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Bishops boys don't cry, or do they?

22 October 2019,  Ilze Strydom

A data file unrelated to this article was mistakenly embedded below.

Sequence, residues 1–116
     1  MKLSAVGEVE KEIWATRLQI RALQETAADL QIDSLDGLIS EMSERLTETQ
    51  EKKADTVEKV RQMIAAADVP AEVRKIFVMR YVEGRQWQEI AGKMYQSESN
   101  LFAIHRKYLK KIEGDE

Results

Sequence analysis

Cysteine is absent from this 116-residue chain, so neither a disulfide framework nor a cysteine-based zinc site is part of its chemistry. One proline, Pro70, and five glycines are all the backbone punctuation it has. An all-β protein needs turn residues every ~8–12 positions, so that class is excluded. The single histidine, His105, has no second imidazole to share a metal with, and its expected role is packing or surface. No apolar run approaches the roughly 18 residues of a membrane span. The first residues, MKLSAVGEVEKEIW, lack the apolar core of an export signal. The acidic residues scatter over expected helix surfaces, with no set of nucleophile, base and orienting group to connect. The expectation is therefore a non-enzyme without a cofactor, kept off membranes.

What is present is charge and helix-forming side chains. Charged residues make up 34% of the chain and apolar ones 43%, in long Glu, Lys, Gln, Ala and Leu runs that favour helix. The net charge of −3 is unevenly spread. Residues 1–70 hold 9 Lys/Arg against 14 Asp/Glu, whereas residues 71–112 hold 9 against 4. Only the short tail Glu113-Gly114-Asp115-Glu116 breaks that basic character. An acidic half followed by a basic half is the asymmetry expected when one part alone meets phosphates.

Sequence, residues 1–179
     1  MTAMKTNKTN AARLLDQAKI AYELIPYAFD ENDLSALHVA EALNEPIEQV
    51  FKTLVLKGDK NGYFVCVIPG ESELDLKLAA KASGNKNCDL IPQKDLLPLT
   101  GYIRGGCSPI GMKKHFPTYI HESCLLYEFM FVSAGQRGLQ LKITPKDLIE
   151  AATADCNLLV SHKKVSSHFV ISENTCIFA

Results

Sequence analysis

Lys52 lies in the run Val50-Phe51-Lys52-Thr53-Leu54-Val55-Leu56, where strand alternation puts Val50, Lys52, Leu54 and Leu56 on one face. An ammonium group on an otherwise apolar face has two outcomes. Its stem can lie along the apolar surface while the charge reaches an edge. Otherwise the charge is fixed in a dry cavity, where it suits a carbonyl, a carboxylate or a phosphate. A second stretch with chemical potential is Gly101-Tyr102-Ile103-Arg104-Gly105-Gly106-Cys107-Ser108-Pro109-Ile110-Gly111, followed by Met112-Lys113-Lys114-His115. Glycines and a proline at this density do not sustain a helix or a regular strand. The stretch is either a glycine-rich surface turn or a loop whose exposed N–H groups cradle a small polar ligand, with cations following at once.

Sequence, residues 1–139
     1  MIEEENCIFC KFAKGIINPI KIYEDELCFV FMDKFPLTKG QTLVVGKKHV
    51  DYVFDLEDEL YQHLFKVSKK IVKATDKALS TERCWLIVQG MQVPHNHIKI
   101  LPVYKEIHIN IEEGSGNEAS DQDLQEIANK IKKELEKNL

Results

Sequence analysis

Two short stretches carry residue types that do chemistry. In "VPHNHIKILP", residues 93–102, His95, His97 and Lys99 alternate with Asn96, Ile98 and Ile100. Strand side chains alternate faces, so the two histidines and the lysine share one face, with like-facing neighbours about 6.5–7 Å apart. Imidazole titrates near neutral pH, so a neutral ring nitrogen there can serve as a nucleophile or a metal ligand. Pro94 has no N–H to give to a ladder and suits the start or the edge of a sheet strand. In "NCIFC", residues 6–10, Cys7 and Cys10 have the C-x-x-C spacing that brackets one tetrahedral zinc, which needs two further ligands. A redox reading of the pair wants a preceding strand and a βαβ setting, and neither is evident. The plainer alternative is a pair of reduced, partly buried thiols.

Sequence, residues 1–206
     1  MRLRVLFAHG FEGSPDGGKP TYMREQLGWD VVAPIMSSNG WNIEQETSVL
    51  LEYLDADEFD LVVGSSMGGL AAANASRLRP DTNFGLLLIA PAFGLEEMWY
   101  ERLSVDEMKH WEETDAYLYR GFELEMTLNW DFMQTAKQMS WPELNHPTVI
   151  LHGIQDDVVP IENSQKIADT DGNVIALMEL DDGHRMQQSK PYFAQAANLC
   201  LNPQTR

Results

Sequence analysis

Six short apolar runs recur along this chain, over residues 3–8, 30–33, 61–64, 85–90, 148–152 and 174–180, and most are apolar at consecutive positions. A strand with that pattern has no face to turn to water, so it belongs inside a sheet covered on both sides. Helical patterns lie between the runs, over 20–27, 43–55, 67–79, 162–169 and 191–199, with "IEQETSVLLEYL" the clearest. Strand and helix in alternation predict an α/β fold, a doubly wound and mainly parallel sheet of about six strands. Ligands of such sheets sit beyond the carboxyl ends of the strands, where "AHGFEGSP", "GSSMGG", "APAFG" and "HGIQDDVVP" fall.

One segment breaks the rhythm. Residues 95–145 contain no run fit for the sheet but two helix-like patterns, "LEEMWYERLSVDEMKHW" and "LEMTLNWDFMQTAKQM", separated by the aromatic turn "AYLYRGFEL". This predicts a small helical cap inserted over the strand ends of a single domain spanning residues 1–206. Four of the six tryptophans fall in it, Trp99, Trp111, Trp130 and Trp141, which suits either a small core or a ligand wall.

This past two weeks the media were abuzz with reports of Fiona Viotti, the Bishops Diocesan College water polo coach,... who resigned last week amid allegations of a sexual affair with a matric pupil. It was also reported that school principal Guy Pearson said that several boys "have been affected over a number of years".Interestingly enough, when speaking to a male friend of mine about the idea of a school boy having an affair with a female teacher, his view was an enthusiastic “attaboy!” To me, that’s in strong contrast with what would have been the view if a matric school girl allegedly had an affair with a male teacher - that instead, the girl is a victim of unacceptable behaviour, and that the teacher is a predator who used his position and relationship in an inappropriate manner.To my mind this highlights the difference in perspective society seems to have when it comes to sexually inappropriate behaviour towards women and children. Have you ever paused to considered that this is not bound by gender or age, and that men are exposed and left vulnerable to abuse and the effects thereof too? In the course of my experience as Family Law attorney, I’m constantly reminded that the Children’s Act does not distinguish between male and female children. In fact, it specifically provides therefor that children (thus any person younger than 18) must be protected from maltreatment, neglect, abuse or degradation, discrimination, exploitation and any other physical, emotional or moral harm or hazards. I find that this obviously includes protection against the behaviour alleged in the above-mentioned Bishops matter. Were the child younger than 16 years old, criminal prosecution would follow from the actions as well. When it’s a man of 18 years old and older that is placed in this position, the remedies he can take is to lay a criminal charge, obtain an interdict in accordance with the provisions of the Protection of Harassment Act, obtain an interdict in accordance with the provisions of the Domestic Violence Act (if applicable), lay a complaint of sexual harassment and/or institute civil action for damages suffered.This is a necessary reminder and encouragement to men and boys to speak out about inappropriate behaviour against them without fear of being perceived as weak, and to utilise the law to protect them from any form of abuse.